We are all capable of being spiritual sluggards. There are times when we don’t want to mix with the rough-and-tumble of life as it is, when our sole objective is to secure peace and comfort for ourselves. The note struck in Hebrews 10 is that of coming together to encourage each other and to spur each other on. This requires a special kind of initiative—the initiative of Christ-realization, not self-realization. To live a remote, retired, secluded life is the antithesis of the spirituality Jesus Christ taught.
The test of our spirituality comes when we find ourselves faced with injustice and cruelty and ingratitude and turmoil. All these can turn us into spiritual sluggards; they can cause us to retreat from the world and to use prayer and Bible reading merely to soothe ourselves. We might start going to God for the sole purpose of getting enjoyment; we might lose interest in manifesting the life of Jesus Christ in our own lives. If we are behaving like this, we can be sure we’ve taken a step in the wrong direction. Enjoyment, peace, and relaxation are effects of the spiritual life, but we try to make them causes.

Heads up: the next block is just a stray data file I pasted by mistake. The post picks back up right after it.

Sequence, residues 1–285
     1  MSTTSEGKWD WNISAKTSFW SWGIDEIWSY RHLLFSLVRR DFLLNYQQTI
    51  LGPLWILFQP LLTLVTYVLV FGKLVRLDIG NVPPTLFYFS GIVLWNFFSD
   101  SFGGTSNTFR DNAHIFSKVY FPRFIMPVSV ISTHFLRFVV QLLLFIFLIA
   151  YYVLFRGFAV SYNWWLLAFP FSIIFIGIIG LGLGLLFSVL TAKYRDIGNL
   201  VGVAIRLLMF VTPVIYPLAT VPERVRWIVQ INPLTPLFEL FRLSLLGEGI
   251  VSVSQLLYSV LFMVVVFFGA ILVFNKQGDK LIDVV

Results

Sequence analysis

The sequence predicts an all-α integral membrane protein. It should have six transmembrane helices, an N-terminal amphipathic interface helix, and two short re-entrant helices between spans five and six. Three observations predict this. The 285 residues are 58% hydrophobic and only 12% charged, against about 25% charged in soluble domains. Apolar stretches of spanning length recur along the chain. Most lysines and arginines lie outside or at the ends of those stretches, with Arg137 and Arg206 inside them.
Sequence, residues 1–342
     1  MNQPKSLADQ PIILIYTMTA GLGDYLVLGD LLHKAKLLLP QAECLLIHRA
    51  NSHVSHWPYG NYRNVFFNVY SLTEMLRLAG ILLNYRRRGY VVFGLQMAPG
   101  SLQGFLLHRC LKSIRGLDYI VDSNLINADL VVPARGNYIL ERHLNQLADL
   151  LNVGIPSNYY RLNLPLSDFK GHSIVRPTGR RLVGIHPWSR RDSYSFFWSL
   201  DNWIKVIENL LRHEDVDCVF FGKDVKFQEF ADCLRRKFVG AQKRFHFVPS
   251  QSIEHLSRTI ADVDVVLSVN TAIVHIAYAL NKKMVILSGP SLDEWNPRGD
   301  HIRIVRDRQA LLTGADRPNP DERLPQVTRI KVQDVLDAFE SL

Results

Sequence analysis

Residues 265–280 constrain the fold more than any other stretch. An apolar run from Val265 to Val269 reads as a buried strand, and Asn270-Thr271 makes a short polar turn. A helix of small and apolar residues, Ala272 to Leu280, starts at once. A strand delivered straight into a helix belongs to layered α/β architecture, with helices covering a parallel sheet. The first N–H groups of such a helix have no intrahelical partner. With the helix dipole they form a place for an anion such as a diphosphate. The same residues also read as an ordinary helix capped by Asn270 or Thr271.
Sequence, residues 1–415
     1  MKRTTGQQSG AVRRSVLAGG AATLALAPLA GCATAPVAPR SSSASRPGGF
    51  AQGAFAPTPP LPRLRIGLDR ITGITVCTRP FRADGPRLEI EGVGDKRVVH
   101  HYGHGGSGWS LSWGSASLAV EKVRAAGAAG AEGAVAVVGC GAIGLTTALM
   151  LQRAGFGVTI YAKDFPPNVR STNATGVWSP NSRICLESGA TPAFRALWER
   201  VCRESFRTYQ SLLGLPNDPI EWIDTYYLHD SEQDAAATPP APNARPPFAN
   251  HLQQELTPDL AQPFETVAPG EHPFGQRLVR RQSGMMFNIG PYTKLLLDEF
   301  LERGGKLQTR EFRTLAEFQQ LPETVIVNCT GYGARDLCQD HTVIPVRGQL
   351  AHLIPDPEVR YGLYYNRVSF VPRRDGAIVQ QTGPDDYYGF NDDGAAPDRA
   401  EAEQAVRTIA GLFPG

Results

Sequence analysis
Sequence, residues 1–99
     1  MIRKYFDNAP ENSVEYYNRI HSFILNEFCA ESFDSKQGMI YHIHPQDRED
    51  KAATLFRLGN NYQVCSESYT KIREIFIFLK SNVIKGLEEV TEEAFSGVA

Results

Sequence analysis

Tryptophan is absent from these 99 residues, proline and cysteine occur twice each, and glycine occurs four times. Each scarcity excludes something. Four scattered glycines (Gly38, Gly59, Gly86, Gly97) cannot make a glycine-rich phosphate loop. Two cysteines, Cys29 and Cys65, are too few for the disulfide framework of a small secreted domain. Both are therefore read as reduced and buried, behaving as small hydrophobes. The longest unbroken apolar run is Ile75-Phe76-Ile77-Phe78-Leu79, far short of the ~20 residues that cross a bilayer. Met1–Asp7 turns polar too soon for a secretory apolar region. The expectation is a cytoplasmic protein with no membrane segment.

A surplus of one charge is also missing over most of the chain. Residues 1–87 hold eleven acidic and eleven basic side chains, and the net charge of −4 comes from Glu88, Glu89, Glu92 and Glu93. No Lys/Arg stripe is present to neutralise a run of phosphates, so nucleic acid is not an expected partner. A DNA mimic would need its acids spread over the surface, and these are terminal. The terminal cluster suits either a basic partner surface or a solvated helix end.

Peter wanted to rouse Christians to action by reminding them of
what Christ had done. “I think it meet,” he said, “to stir you up by putting you in remembrance” (2 Peter 1:13 kjv). It is a shocking thing to be stirred up by one of God’s provokers—by someone who is full of spiritual activity. The danger of spiritual sluggishness is that we do not want to be stirred up. All we want is repose. Jesus Christ never encouraged the idea of spiritual repose. His instructions were clear: “Go and tell . . .” (Matthew 28:10).

Wisdom from Oswald

Both nations and individuals have tried Christianity and abandoned it, because it has been found too difficult; but no man has ever gone through the crisis of deliberately making Jesus Lord and found Him to be a failure. The Love of God—The Making of a Christian, 680 R